Like Frankel, Jillian Coleman Benjamin also looks at the entirety of Black Widow’s history, but also comes at it from a point of view that places Joss Whedon as someone that somehow destroyed “sexist archetypal roles” with his version of the character. At first, the essay works for me with its commentary on how characters who exist outside of established and rigid gender roles tend to be punished for it.
But then, Benjamin says that Whedon “uses stereotypically masculine traits in his female characters and feminine traits in his male characters, challenging gender roles and raising the status of his female characters to that of people,” and I honestly couldn’t disagree more with that. I understand the instinctive urge to want to reward Whedon for doing more than the average action director/writer but he’s not even close to doing the most. I think really, Benjamin is trying to look at how misogyny, sexualization, and violence against women inform Black Widow’s various narratives, but then becaue Whedon and the rest of the MCU men in charge haven’t done truly terrible things to her, she decides that Whedon is somehow changing the face of action/superhero films despite basically just reusing the same tropes (including ones based on violence against women and dehumanizing them) in more subtle ways.
(Also this essay also SERIOUSLY drops the ball on analyzing Lois Lane and Clark Kent’s marriage, framing it not as the mutual and positive relationship they’ve had for basically the past almost thirty years, but as something that has her “assuming a role of extreme submission”. Look, if you’re going use modern examples for Marvel with Black Widow, at the very least you need to update your Superman knowledge beyond the incredibly and consistently misogynistic Superman’s Girlfriend, Lois Lane comics from the Seventies…)
Red Rooms, Conditioning Chairs and Needles in the Brain: Brainwashing and Mind Control in the Whedon and Marvel Universes
In this essay, volume editor Sherry Ginn looks at brainwashing as it relates to the Black Widow and analyses the way that mind-control techniques are used in not only the MCU but in writer-director Joss Whedon’s many works. Ginn’s essay makes the history behind brain-washing and conditioning largely accessible to readers that don’t have a background in psychology. What I liked best about this essay was that it had a message about reinventing yourself even after trauma that I really felt worked well to bring hope to the subject.
Joss Whedon’s Radical Icon of Third Wave Feminism
In this essay, writer Lewis Call uses “third wave feminism” to analyze the character and essentially takes a slightly different view of the character as she’s portrayed in the MCU than I’m used to seeing. I mean… the first strike against this issue is where Call says that Natasha embodies intersectionality and “brings intersectional diversity to the Avengers”.
Call completely misrepresents what intersectionality is about. He congratulates Johansson for being “a Russophone actress of Belarusian descent, convincingly convey[ing] Romanoff ’s Slavic ethnicity” and then brings up D/s as an “alternative sexuality”, positioning the relationship she has with Bruce Banner as a consensual one. (Also, when we talk about intersectionality and sexuality, we mean like queerness… not what you literally get off to. Geez and cheese.)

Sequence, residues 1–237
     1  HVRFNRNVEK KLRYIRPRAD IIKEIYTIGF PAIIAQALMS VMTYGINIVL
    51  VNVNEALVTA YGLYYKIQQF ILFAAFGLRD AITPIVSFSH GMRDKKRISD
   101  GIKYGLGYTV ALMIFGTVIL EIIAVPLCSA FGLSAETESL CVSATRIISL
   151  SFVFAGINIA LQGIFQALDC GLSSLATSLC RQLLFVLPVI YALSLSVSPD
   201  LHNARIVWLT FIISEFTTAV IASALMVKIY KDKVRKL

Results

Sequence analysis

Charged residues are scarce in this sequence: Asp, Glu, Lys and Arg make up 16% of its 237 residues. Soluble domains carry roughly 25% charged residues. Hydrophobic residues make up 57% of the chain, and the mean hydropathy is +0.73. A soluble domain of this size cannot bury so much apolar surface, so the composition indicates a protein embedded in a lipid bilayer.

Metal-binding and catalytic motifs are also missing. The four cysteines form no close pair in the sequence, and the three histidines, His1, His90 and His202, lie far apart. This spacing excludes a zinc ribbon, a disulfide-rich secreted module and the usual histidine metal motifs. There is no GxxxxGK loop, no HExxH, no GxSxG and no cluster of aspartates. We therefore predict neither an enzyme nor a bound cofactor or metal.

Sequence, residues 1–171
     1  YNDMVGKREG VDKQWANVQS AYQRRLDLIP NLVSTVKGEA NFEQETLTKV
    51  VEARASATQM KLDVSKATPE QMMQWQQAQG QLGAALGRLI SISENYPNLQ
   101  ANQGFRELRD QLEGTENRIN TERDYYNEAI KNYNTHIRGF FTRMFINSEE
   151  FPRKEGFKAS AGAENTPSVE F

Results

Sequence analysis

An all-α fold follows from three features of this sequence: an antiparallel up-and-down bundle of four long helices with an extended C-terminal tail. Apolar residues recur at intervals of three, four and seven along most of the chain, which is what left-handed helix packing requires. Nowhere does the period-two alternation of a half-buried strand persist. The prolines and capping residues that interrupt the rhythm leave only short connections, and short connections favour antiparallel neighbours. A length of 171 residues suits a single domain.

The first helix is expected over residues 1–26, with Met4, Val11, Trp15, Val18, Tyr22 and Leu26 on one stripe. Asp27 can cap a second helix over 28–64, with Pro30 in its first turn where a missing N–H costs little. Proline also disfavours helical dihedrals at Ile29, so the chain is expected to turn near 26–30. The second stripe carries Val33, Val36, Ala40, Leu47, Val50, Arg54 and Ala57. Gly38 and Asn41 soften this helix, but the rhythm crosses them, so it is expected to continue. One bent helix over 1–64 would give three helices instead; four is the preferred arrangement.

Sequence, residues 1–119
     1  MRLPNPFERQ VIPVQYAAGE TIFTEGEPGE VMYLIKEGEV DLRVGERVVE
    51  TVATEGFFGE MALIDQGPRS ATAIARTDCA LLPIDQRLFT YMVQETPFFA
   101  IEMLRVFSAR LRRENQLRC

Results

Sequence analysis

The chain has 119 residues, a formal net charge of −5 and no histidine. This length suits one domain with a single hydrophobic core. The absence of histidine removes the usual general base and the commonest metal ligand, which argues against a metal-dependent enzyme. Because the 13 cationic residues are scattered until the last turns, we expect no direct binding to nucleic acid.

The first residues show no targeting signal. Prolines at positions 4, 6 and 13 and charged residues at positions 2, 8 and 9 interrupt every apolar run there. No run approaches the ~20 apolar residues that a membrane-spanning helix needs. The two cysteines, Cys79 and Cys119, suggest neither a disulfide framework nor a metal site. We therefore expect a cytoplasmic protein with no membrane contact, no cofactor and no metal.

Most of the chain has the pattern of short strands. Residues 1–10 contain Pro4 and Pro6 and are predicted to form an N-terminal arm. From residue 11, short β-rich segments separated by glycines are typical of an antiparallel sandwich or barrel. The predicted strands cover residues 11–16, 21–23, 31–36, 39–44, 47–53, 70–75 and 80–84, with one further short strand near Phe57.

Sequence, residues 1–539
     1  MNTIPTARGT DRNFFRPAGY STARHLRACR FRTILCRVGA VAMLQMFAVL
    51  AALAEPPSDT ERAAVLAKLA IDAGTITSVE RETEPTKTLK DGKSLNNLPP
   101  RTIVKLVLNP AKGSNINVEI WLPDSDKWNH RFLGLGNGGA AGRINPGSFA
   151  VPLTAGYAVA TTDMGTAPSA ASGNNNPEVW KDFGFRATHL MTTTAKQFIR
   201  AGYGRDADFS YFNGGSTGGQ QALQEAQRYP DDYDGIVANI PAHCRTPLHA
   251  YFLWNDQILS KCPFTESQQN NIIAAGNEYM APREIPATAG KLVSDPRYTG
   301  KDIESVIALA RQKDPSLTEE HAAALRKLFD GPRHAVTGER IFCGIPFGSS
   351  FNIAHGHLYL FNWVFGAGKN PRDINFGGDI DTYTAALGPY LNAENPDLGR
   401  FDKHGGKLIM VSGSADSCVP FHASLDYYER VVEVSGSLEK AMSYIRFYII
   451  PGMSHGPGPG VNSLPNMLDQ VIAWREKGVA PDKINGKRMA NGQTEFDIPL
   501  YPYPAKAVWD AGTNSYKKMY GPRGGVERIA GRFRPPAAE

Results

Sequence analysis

Basically folks, this essay one big “Bitch, where?” as Call’s commentary basically makes no sense and spends more time propping up this idea of Whedon as a feminist filmmaker than actually taking time to analyze what Black Widow and her “happy to white wash” actress actually mean for intersectionality.
Athena’s Daughter: Black Widow’s Impact Aesthetic
David Kociemba uses his essay to talk about the aesthetics of Black Widow and how that works with her status as an action hero in her own right, referencing a “tradition of just female warriors that speak to gender-integrated audiences about power and responsibility”. The essay is well… a bit clunky and while I get where Kociemba is going, it’s difficult to care. Blocks of text (page long paragraphs, natch) and this desire to constantly frame ScarJo’s Black Widow as this fantastic feminist figure who can do no wrong kind of get in the way of what had the actual potential to be an amazing essay about fighting style, gender identity.
I do like that Kociemba draws attention to the way that Age of Ultron was a serious lowpoint for the character because Age of Ultron was terrible for basically all the characters in the film.
The Elusive Black Widow Film: Fan-Made Texts as Social Desire Paths
In the final essay, writer Tanya R. Cochran looks at how social desire – here fans’ desperate desire for a solo Black Widow film where Scarlett Johansson is centered as the star. While I am invested in what Cochran has to say about fandom’s desire for the Black Widow film that we’re unlikely to ever get, I’m more invested in what Cochran as to say about fandom as a whole. Her work on “fans’ needs and wants” makes me, someone that is incredibly critical about desire in fandom, makes me think about the spaces that fans inhabit and the relationships that they have with one another as well as with the Text.
Overall, this book had way more “misses” than I was expecting and it had a very “white feminist” slant both to how the authors looked at Black Widow’s evolution and to Scarlett Johansson’s reception and performance in the role.
Not enough of the essays seem interested in doing anything other than fawning over Joss Whedon’s brilliance and I think that they do the character a disservice by not being more critical of the content Whedon created. Older creators – the ones who created Natasha – aren’t removed from criticism but Whedon largely is despite the way that his writing Natasha is rife with the same tired tropes about women and this gender-essentialist idea of womanhood that he nurtured back in Buffy the Vampire Slayer and has continued to carry on in his work to this day.
(And okay, Lewis Call’s essay was just actual garbage fawning over Joss Whedon and stomping all over what intersectional feminism is in order to paint his poor portrayal of Black Widow (and other women in the films) as this super feminist move that has saved the MCU, I guess.)
While I gladly recommend some of the contributors to this book, I don’t recommend this book as a whole.